“It’s like coming out of a cave,” Kerr said. “The last 10 years have been an almost unrelenting series of efforts to suppress scientific information, shut down programs, supplement normal communications with clearly organized propaganda efforts.”
“It has been an incredibly dark time.”
Kerr, who worked with the Liberal party and new Minister of Science Kirsty Duncan in May to craft a parliamentary motion to restore scientific integrity, said he has “every expectation” the Liberal government will follow through with many of the good ideas — including unmuzzling scientists and creating a Parliamentary Science Officer — in that document.
Kerr said some members of the scientific community are unnecessarily pessimistic about implementing changes.
“A lot of the scientific integrity changes that we have called for and many others have called for are not going to require an act of Parliament to achieve,” Kerr said. “What they are going to require, with careful thinking, is a few days writing a policy and communicating it to the public service.”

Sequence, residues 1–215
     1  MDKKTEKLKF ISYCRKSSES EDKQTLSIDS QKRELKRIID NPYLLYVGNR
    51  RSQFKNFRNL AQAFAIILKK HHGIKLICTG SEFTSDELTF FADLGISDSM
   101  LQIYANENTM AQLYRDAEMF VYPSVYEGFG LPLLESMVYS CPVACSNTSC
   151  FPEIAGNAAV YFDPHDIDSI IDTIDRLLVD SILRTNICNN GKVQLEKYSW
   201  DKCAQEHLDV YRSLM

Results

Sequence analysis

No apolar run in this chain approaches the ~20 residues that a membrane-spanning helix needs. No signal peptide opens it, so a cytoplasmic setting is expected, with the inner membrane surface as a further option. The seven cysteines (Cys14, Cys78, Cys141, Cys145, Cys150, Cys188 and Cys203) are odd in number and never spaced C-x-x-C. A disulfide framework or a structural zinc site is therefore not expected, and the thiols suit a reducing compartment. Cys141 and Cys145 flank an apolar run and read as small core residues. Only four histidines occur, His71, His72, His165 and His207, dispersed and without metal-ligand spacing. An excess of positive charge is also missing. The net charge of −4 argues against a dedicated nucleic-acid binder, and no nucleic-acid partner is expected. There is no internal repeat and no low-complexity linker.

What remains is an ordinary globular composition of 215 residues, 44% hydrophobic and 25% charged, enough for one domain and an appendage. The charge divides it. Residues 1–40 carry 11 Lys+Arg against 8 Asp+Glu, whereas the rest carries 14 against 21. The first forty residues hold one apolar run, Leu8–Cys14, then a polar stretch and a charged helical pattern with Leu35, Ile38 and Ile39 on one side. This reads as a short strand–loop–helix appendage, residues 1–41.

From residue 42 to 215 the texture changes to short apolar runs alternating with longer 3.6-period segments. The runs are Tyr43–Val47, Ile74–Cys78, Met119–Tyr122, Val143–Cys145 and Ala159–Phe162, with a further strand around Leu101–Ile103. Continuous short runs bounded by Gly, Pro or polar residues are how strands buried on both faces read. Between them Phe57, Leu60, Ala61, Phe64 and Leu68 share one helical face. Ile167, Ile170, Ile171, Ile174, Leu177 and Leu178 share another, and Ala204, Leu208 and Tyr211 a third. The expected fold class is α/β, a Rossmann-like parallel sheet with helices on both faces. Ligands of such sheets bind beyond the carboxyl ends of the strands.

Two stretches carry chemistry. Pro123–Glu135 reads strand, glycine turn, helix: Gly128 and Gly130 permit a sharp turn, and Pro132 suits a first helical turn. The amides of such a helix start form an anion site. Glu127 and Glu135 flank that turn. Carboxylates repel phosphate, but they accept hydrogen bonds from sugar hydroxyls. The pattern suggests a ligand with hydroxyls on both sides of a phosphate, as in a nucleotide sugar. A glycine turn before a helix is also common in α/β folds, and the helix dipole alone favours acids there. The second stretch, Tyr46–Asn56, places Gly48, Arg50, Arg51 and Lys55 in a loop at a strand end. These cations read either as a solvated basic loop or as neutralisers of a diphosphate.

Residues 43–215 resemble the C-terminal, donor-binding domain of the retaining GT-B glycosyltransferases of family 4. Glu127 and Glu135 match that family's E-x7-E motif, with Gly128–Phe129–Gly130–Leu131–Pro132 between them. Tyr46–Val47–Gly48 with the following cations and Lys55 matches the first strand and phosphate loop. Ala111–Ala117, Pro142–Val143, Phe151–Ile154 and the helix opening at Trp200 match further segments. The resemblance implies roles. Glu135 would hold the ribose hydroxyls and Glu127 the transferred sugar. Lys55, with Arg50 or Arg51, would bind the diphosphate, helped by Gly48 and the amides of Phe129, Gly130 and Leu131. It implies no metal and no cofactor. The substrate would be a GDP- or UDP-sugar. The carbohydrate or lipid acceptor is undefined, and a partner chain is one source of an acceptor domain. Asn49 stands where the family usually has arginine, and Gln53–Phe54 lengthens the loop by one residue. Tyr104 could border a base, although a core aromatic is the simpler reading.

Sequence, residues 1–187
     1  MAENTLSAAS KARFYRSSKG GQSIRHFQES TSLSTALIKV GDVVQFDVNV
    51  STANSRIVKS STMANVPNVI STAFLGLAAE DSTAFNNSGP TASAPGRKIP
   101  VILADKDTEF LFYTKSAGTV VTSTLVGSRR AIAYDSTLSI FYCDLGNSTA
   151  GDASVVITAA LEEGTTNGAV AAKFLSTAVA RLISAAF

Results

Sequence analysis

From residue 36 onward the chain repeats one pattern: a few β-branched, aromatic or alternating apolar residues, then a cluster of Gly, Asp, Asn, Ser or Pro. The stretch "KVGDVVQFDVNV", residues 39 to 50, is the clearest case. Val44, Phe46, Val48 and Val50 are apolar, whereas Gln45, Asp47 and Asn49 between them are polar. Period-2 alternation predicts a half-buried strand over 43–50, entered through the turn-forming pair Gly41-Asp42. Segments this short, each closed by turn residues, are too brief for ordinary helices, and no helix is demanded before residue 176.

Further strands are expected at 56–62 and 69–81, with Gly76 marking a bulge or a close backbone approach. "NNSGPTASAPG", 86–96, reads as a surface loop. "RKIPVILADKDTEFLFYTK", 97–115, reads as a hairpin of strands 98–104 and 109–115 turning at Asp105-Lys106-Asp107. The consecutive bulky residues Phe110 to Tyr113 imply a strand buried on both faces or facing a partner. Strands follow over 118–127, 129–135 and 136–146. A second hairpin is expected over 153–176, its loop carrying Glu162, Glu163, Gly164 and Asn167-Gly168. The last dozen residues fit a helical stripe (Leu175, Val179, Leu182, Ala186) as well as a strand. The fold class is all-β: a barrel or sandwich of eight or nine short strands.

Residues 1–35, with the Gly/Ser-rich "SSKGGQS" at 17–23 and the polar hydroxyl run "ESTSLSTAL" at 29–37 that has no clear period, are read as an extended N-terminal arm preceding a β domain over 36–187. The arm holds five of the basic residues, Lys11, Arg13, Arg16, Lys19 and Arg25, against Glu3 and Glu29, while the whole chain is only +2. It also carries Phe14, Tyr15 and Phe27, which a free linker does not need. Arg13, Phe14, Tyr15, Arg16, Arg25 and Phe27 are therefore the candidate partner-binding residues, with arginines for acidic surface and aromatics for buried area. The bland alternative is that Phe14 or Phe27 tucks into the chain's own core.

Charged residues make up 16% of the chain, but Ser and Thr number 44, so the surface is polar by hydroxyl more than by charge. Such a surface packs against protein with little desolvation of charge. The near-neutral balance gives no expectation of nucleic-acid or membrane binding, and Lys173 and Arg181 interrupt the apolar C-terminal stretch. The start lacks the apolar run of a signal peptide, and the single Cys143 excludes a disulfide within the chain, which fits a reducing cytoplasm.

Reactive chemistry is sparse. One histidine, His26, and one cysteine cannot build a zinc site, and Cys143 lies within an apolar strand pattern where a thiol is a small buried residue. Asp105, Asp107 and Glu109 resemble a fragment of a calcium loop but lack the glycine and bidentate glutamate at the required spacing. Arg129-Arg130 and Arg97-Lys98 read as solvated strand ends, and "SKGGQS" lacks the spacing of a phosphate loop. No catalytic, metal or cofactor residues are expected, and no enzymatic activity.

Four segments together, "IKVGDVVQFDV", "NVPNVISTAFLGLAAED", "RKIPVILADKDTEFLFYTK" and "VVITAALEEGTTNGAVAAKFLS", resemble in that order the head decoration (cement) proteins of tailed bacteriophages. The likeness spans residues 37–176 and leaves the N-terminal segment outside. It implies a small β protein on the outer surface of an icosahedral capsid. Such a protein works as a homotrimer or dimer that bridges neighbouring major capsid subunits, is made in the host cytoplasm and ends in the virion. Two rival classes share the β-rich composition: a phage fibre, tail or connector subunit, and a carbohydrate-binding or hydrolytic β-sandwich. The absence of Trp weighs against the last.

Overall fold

Kerr said people think restoring science in Canada will be “some monumental Everest challenge.”
“But I just don’t think it is,” Kerr said, adding that though these things can be done easily they must be treated as urgent.
“Some of that stuff has got to be done quickly. If it doesn’t get done quickly the opportunity for using electoral momentum will pass and they will be slowed down by the inevitable inertia of being in power.”
Kerr said the Liberal government should work to restore broken relationships with the public sector through the Professional Institute of the Public Service of Canada. Morale among scientists is at “subterranean” levels at this point, he said.
Kerr also said the government needs to repair the holes in environmental protection, such as the loss of protection for practically all freshwater bodies in Canada, and enforce the Species at Risk Act.
“The federal science issue in Canada right now is basically a field of debris,” he said. “I think that’s over now, but we don’t know — the proof is going to be in the pudding.”